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Two Moors Way - Part 5

9 October 2017  |  Admin

Click here for Podcast No 438 - Two Moors Way - Part 5

Apart from the boy racer who seemed to feel obligated to ride up and down the main road next to Lake View Fishery at least a dozen times in succession at midnight last night, I slept reasonably well and woke early to an overcast damp day.

However as I had carried all this fuel with me, I got the solo stove going and had the first proper warming brew of the trip closely followed by a bowl full of porridge. During this time there was a sudden downpour and due to my tarp layout this meant the exposed half of my bivvy bag took the full deluge. Although not an issue from the comfort point of view, it did make me realize after it had passed, that I would be packing away sodden gear which wouldn’t have a chance to dry before nightfall. We will have to wait and see.

So I was on the road just after 7am ultimately heading for Knowstone taking in Morchard Bishop Washford Pyne and Witheridge on route.

When I had initially purchased the two maps I was using for reference last year at the Exmoor Park centre in Lynmouth I did recall the sales person telling me he had done the trip a few years back and the middle section between Dartmoor and Exmoor had come as a pleasant surprise. Looking at the maps and guidebook I suspected this section was going to be boring and so I had mentally prepared myself to ‘push on’ as much as possible to get it over with in haste.

However, reflecting on this trip as I listen to my recordings and view the pictures and video, this really was a shame, as aside from a couple of really commercial contract farming land owners, the route was nothing but charming. With every turn, or over every style, I was presented with a beautiful gentle rolling landscape. A patch work tapestry of yellow rape fields and crops rolling away from me like a fairy tale storybook.

This isn’t forgetting the tunnels of hazel on the old drovers roads or green lanes which were carpeted with wild garlic and bluebells.

Yes I seriously misjudged the pleasure this section would offer and if I had made some sensible decisions, a shorter day on either day 4 or 5 would have stopped my early arrival at Lynmouth and increased the duration of the experience more.

With careful planning one campsite right on the path which I came across at midday, could have offered an interesting rest and diversion.  Acorns Naturist Retreat is a nudest campsite offering camping for backpackers, caravans or other accommodation, with all the associated washing and shop facilities. It was at a lovely spot too, so if you are ever passing and need to wash your gear but have literally ‘nothing’ clean to wear to the bar, no one will care!

Crossing Knowstone Moor brought me once again in contact with the roar of the A361, a busy artery taking a steady stream of cars to and from Cornwall. It seemed a big intrusion to my thoughts and I was glad to pass under it on the way to Knowstone proper. I was imagining another cute village, thatched cottages and the farm which offered camping just a short walk away from the pub.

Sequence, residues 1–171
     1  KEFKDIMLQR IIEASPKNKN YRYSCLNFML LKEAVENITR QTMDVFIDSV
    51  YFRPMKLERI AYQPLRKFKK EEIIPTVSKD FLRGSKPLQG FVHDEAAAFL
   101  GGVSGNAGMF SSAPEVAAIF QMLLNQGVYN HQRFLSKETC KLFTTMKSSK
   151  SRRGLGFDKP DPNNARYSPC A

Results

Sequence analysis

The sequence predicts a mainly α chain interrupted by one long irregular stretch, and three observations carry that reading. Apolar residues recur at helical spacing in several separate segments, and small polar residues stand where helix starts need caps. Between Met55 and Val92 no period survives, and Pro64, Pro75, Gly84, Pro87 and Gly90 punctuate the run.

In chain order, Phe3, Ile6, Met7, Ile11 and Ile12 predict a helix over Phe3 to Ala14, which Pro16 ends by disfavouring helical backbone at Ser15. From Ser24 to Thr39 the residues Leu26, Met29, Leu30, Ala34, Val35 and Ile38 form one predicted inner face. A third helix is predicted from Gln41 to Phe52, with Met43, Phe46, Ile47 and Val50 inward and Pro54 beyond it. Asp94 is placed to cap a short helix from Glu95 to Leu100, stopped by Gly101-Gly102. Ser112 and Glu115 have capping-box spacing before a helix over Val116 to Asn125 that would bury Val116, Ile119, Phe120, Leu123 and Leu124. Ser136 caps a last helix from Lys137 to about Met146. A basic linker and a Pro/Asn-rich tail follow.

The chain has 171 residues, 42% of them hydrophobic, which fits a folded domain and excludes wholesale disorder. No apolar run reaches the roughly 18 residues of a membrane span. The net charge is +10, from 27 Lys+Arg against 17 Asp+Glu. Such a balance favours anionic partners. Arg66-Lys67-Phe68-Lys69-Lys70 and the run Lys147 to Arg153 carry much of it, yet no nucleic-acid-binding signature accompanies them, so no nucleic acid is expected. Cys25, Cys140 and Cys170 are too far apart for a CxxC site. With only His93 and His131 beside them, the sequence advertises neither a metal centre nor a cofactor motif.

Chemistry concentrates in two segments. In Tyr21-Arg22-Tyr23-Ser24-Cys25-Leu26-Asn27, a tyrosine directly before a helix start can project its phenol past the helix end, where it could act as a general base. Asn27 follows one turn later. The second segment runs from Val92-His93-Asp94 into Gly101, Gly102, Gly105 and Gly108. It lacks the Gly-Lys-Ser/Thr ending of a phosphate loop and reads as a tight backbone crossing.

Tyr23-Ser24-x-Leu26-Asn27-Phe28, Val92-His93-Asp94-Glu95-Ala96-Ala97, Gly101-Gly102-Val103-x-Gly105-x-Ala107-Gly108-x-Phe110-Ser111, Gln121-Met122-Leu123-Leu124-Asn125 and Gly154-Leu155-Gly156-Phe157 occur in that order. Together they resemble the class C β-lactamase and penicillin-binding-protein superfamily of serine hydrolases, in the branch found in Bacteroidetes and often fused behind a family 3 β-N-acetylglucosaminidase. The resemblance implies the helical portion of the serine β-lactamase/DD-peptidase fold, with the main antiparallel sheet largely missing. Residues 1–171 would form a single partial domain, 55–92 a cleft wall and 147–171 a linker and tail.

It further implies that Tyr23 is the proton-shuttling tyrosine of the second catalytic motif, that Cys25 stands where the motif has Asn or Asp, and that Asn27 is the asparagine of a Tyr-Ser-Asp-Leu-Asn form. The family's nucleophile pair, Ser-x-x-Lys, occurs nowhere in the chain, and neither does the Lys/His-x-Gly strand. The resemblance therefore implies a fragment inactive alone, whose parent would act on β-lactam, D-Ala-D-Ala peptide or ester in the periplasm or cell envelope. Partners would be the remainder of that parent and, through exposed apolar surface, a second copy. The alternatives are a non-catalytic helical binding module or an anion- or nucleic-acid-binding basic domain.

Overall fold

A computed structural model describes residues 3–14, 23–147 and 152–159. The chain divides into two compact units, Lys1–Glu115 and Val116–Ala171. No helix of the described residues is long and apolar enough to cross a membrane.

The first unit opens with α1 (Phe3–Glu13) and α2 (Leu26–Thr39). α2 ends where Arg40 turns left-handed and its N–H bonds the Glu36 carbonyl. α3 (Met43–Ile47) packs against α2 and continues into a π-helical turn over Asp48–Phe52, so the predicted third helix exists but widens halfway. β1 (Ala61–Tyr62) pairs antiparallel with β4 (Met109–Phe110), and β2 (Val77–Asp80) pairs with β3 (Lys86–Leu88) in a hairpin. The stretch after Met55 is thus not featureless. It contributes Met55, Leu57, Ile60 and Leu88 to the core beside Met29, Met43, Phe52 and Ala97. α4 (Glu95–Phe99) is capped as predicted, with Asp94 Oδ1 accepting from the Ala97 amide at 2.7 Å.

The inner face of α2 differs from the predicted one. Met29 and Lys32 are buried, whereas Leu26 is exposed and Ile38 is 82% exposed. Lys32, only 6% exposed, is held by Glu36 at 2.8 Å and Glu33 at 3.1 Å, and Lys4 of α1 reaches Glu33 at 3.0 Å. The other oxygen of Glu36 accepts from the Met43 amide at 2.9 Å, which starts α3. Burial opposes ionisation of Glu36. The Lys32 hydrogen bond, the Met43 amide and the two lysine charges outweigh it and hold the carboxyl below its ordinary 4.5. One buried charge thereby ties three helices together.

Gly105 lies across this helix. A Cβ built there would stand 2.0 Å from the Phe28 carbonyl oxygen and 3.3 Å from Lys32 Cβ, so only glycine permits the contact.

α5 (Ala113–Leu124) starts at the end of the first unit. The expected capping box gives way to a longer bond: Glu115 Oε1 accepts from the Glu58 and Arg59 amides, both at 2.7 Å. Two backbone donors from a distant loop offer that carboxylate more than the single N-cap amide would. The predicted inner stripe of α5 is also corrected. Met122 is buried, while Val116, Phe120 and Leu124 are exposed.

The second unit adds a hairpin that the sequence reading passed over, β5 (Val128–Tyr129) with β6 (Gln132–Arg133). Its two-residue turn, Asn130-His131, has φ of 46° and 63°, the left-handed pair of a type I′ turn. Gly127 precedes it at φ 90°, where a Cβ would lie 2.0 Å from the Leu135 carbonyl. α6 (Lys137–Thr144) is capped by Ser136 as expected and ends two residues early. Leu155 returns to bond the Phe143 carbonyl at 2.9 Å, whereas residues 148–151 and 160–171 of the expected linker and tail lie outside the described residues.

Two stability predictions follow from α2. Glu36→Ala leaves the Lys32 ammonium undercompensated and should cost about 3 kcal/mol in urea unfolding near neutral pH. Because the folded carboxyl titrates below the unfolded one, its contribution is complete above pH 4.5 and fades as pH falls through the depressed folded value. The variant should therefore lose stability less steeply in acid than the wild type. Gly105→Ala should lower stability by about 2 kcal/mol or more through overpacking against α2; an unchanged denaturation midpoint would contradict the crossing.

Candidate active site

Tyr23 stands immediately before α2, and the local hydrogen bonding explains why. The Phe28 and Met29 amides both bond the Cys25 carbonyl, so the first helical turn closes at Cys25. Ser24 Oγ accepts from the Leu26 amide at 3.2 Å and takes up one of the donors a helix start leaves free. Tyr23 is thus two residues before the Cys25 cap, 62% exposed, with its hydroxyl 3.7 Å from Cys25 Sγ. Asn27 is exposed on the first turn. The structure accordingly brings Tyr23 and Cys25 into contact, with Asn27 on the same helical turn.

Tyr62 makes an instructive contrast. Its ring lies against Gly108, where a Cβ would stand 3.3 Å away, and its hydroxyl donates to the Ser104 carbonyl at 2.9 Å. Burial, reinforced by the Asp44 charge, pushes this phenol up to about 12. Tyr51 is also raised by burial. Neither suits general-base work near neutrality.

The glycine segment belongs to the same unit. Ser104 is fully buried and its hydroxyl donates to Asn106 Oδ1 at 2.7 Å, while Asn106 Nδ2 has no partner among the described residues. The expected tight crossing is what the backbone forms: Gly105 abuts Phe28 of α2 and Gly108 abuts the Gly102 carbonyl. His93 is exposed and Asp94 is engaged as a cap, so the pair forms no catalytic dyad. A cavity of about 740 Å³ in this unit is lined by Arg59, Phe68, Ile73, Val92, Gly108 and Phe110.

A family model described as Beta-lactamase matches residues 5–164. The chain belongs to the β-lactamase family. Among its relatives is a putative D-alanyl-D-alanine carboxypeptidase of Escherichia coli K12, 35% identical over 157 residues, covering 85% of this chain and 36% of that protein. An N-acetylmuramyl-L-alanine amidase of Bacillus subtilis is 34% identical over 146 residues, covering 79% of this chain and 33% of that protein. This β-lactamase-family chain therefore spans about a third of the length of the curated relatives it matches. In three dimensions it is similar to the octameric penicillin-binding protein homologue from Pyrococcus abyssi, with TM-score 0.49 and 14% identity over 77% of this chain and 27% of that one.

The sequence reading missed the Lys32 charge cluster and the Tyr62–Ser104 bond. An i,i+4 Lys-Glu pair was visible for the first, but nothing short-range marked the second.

Well the village was very cute and the Michelin one star 13th-century pub with a beamed bar and frescoed restaurant serving gourmet British/French dishes did look welcoming on that sunny afternoon. However they were closed when I arrived and so that cold Cider I had been dreaming about would have to wait.

I had found the West Kidland Farm website offering camping and facilities the day before when I was waiting for food in the Devonshire Dumpling and it looked very promising offering all kinds of luxury and fresh farm produce. All the time during the long, long, looooong walk from Knowstone I was imagining cooking up a lush bbq on this sunny evening, chilling out in the sunshine, drying off my gear surrounded by the peace and quiet that only farm life can bring. At the end of a 19 mile day, that would have just been perfect.

I should have heard the alarm bells ringing when I was greeted with ‘oh I’ve been trying to take the old website down for a couple of years’. And in those couple of years the romantic image which the website alluded to has been replaced by a tired single female farmer who is just managing to hold things together. The glamping had long gone, the washing and showering facilities have been replaced by a tap in the farm yard and the toilet was nowhere to be seen. So I would have to share the loo in her mobile home. A place which was also home to her pack of 7 dogs.

It was a sorry tale of a relationship breakdown and the resulting damage often caused. Initially I was offered the sloping field right next to the roaring A361 which didn’t appeal, then various plots around the farm until finally settling for a tatty bedroom in the mobile home which was once used by farm workers. It would have to do, as by this time I had realized my sleeping gear was still soaked and my options had narrowed. So I put it out to dry as I cooked my food in the barn.

The only downside to this accommodation was the fact I was sharing it with 30 odd chickens and cockerels. So an early morning call was surely guaranteed!